Peter, a resident of Weesper Street in the center of town, is angry. He takes on the « rage » which would animate the town hall of Amsterdam, led by the elected ecologist Femke Halsema, and at its symbol politics “. He accuses him in particular of having placed flower boxes in the middle of his street, with the« obsession » to drive out the cars for the benefit of the inhabitants. “I am a local! But not one of those sores to which, according to the Greens and their friends, it would be necessary to “return the city””, fulminates Peter, seated in a Pub, a neighborhood bistro.
The next day, the Weesper Street affair made the front page of The Parole, the Amsterdam daily. Paramedics and firefighters who went to a disaster were stopped by the flower boxes, which they had to move. The mobility assistant is now summoned by the opposition to submit a daily report on the obstacles to traffic in the capital. Peter exults: “We will win and we will also win the battle for De Wallen! »
Close to its street, which borders it to the west, this area known as the “ramparts”, long enclosed, covers approximately 6,000 square meters in the oldest part of the Dutch capital. Today, it is at the heart of a controversy between its inhabitants, the town hall and the sex workers, who have ensured its fame. Not to mention the other citizens of the town, who all seem to have an opinion as to its future.
One million inhabitants, 18 million tourists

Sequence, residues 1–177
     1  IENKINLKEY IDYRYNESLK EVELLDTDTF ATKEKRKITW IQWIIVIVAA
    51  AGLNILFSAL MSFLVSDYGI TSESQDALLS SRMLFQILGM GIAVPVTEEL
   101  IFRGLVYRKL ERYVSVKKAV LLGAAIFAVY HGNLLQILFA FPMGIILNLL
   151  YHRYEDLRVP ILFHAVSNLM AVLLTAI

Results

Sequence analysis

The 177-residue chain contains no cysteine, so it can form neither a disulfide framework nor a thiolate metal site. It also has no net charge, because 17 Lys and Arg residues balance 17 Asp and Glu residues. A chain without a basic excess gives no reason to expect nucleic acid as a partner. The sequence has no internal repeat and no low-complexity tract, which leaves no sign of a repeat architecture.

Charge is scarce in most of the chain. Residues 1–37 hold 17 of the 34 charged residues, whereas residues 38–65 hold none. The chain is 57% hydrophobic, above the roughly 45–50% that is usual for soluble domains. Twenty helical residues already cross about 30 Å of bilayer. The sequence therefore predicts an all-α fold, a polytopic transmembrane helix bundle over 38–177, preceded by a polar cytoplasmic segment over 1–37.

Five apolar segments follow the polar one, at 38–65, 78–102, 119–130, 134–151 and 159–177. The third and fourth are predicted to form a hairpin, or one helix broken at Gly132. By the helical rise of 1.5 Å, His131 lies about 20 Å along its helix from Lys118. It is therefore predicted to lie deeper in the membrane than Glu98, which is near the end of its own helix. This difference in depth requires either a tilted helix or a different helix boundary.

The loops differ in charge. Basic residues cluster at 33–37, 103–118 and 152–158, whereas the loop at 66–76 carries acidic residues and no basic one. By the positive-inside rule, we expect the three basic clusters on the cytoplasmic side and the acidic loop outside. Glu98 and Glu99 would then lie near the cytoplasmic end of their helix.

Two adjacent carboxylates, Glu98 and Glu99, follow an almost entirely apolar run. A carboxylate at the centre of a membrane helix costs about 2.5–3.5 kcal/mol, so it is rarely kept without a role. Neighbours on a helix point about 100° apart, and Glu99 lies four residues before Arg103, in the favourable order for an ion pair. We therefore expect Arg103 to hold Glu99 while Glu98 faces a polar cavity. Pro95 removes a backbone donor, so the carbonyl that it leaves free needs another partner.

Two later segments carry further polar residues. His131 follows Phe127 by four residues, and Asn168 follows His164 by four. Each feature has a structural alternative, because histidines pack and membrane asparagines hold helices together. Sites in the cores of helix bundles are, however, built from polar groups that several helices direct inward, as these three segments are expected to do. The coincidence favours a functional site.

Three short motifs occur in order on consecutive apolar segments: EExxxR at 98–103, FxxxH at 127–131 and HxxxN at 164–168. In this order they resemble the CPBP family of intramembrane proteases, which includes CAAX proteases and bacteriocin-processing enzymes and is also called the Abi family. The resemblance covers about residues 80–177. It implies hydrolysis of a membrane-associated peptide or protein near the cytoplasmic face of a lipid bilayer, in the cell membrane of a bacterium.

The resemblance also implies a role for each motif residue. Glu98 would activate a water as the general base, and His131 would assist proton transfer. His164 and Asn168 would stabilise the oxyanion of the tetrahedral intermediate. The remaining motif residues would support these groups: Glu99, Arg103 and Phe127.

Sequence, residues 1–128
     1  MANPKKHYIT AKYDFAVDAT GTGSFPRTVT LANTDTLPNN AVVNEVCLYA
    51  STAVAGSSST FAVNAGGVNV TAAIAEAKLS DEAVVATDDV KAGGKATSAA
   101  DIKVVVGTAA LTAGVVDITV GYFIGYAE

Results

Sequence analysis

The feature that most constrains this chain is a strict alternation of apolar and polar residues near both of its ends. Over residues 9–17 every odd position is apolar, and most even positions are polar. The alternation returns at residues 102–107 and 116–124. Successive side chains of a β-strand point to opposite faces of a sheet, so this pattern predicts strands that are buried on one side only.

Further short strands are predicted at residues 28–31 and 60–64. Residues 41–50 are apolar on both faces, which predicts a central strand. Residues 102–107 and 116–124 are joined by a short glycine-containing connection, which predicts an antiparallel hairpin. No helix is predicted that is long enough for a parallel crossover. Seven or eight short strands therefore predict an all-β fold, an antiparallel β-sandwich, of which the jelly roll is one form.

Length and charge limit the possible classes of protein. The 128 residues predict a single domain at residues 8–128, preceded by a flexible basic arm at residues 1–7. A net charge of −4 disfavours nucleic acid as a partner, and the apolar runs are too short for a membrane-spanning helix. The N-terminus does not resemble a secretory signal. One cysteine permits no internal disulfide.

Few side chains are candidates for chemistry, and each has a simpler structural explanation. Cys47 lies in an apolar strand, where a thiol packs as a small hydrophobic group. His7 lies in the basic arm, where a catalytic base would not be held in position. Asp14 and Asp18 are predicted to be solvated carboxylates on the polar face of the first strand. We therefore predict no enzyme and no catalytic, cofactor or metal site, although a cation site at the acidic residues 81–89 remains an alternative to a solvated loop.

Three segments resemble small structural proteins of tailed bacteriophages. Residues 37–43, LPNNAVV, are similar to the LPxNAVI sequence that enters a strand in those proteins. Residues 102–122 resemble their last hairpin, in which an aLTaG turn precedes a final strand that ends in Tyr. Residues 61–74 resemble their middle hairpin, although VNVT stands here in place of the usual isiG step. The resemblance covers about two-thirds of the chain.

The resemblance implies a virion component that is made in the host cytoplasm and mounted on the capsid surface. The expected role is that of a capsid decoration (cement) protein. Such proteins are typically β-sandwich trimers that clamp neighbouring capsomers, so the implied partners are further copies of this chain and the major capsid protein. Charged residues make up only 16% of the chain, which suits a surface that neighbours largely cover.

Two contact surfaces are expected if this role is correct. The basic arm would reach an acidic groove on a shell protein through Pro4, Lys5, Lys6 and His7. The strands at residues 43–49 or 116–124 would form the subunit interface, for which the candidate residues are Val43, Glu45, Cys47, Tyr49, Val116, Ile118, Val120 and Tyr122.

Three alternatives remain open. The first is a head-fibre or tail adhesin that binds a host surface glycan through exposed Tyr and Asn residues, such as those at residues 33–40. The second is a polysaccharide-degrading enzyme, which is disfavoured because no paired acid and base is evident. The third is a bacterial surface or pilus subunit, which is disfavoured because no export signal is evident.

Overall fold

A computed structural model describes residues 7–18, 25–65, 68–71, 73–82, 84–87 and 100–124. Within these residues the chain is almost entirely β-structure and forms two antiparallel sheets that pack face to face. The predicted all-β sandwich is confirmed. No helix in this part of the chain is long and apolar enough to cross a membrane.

In 2008, Ms Halsema’s predecessors rebranded De Wallen and turned it into a global brand: The Red Light District, ‘red light district’, ‘red light district’ like the neon tubes that light up shop windows exposing hundreds of prostitutes . In terms of tourism, the success has been resounding: in 2022, eighteen million tourists came to Amsterdam – which today has just under a million souls. And the vast majority obviously did not want to miss the parade along the canals and alleys once evening came.
From now on, the mayor and her deputies, socialists and liberal leftists, want to put the kibosh on what they call the “overtourism”, that low-cost travel and the Airbnb phenomenon have encouraged. Too many people, too much noise, too much incivility, not enough concern for the approximately ten thousand inhabitants of the area, where, according to the authorities, newcomers could be attracted provided that it is reformed and more secure.
You have 75.31% .. “”.